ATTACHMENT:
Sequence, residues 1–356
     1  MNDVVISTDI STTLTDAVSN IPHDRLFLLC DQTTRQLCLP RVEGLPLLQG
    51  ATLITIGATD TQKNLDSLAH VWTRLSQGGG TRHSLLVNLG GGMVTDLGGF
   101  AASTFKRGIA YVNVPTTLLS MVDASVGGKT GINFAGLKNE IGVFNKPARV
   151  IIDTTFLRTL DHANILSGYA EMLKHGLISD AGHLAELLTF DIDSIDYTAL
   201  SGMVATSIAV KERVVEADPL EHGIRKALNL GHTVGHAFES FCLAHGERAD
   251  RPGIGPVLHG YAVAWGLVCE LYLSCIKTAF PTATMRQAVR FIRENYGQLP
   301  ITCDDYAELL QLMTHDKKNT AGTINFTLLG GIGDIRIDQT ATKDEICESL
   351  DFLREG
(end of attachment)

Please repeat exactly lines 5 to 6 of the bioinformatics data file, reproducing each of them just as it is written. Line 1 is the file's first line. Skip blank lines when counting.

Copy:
   151  IIDTTFLRTL DHANILSGYA EMLKHGLISD AGHLAELLTF DIDSIDYTAL
   201  SGMVATSIAV KERVVEADPL EHGIRKALNL GHTVGHAFES FCLAHGERAD